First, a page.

We’re just checking in with our Lockheed Martin friends who may be affected by the merger with Leidos and to make sure you are aware of your retirement plan options as you adjust to your new employment situation.
You may have an important deadline, so please email firstname.lastname@example.org or call 281.990.7100 if you have any questions or concerns! Feel free to share this email with your colleagues. A referral is the best compliment you can give us and we invite you to participate in our active gift-card referral program. Here is a quick summary for your convenience.
What To Do With An Old 401(k)? You Have Four Options:
- Leave your money where it is.
- Transfer your money into your new employer’s 401(k) plan.
- Cash out of the 401(k) altogether.
- Roll the money over to an IRA.**
Moving your money into an IRA is the option most people take because it gives you more investment choices, allows you to choose your own advisor, and has looser withdrawal rules. Although this is a popular choice and one we often recommend, don’t just roll your 401(k) over because you think you’re supposed to. Do it because you’ve taken the time to educate yourself on your options. If you use an advisor, just make sure they have your best interest in mind.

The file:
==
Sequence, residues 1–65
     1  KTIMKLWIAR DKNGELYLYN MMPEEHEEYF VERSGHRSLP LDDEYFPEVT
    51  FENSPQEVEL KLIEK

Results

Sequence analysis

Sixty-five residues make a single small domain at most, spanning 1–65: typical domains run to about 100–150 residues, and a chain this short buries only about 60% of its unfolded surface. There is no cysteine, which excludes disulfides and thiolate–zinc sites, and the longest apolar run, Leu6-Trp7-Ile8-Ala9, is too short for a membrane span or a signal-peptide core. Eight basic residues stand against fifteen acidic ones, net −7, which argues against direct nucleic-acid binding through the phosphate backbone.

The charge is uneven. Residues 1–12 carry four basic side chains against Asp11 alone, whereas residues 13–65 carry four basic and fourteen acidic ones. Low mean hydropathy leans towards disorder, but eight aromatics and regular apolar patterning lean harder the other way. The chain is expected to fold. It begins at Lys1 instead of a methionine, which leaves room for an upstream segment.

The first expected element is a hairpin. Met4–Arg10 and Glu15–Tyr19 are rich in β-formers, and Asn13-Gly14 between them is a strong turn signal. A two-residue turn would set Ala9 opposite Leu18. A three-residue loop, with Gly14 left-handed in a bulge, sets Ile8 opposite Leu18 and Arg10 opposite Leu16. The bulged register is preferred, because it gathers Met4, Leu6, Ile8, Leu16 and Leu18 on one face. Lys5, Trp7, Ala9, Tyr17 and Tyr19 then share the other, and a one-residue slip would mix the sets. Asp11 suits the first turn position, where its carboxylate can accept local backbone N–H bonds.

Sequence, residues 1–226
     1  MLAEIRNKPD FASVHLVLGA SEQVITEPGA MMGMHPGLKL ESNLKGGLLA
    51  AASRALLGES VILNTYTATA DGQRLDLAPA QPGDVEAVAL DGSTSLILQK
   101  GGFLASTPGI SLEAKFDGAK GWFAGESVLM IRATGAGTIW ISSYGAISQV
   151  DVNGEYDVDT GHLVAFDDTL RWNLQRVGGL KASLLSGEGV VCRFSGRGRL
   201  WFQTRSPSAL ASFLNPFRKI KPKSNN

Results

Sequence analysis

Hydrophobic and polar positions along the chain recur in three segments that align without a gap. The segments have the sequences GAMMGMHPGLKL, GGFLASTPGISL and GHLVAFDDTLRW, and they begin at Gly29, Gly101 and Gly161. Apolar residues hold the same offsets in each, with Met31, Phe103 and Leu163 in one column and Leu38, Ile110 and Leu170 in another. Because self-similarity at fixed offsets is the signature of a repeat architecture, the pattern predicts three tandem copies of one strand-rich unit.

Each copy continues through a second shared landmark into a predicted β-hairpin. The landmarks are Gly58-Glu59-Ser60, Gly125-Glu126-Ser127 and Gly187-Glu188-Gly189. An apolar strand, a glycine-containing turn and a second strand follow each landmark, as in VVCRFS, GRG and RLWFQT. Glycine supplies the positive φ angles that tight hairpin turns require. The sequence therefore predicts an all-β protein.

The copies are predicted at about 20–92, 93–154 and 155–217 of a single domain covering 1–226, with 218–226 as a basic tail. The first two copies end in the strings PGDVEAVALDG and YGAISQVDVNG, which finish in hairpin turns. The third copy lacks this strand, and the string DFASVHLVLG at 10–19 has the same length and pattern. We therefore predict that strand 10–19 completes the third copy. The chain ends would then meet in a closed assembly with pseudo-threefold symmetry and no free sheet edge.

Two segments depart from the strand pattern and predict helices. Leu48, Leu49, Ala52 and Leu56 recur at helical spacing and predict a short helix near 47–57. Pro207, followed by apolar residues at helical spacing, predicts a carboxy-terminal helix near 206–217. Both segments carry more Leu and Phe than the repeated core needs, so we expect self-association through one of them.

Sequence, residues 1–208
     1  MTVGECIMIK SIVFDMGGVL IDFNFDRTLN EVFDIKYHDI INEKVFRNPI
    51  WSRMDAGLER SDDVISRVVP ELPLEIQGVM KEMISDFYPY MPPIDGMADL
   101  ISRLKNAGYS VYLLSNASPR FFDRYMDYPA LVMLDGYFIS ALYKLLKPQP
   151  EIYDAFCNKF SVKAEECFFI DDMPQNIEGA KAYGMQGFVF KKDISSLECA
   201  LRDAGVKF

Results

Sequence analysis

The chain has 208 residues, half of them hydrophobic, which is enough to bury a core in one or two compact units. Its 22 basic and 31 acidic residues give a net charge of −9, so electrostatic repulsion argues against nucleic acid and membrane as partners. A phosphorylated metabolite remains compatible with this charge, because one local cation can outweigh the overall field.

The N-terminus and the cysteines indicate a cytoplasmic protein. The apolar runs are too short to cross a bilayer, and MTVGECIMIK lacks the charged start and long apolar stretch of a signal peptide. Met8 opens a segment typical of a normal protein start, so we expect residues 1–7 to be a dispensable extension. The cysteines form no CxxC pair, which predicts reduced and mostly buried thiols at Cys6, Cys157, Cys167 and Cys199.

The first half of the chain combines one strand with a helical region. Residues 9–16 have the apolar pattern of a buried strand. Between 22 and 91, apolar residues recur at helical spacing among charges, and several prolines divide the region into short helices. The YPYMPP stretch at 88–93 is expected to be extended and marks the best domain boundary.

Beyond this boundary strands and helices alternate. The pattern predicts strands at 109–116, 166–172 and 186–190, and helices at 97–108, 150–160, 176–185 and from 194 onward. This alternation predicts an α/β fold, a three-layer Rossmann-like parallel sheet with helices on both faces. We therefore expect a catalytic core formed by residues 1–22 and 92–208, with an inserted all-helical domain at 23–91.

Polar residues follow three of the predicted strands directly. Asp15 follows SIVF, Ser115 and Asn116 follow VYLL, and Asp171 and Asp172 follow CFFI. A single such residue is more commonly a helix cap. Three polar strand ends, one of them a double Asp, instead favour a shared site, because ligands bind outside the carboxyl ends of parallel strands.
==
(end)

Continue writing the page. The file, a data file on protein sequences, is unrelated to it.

What choice is right for you? It depends upon your circumstances and what you are trying to accomplish. If you would like a little direction as you make this important decision, we’re here for you.
** If your employer-sponsored plan account holds significantly appreciated employer stock, you should carefully consider the negative tax implications of transferring the stock to an IRA against the risk of being overly concentrated in employer stock. You should also understand that your financial advisor may earn commissions or advisory fees as a result of a rollover that may not otherwise be earned if you leave your plan assets in your old or a new employer-sponsored plan and that there may be account transfer, opening and/or closing fees associated with a rollover.
This list of considerations is not exhaustive. Your decision whether or not to rollover your assets from an employer-sponsored plan into an IRA should be discussed with your financial advisor and your tax professional. If you are considering rolling over money from an employer-sponsored plan, such as a 401(k) or 403(b), you may have the option of leaving the money in the current employer-sponsored plan or moving it into a new employer-sponsored plan. Benefits of leaving money in an employer-sponsored plan may include access to lower-cost institutional class shares; access to investment planning tools and other educational materials; the potential for penalty-free withdrawals starting at age 55; broader protection from creditors and legal judgments; and the ability to postpone required minimum distributions beyond age 70½, under certain circumstances.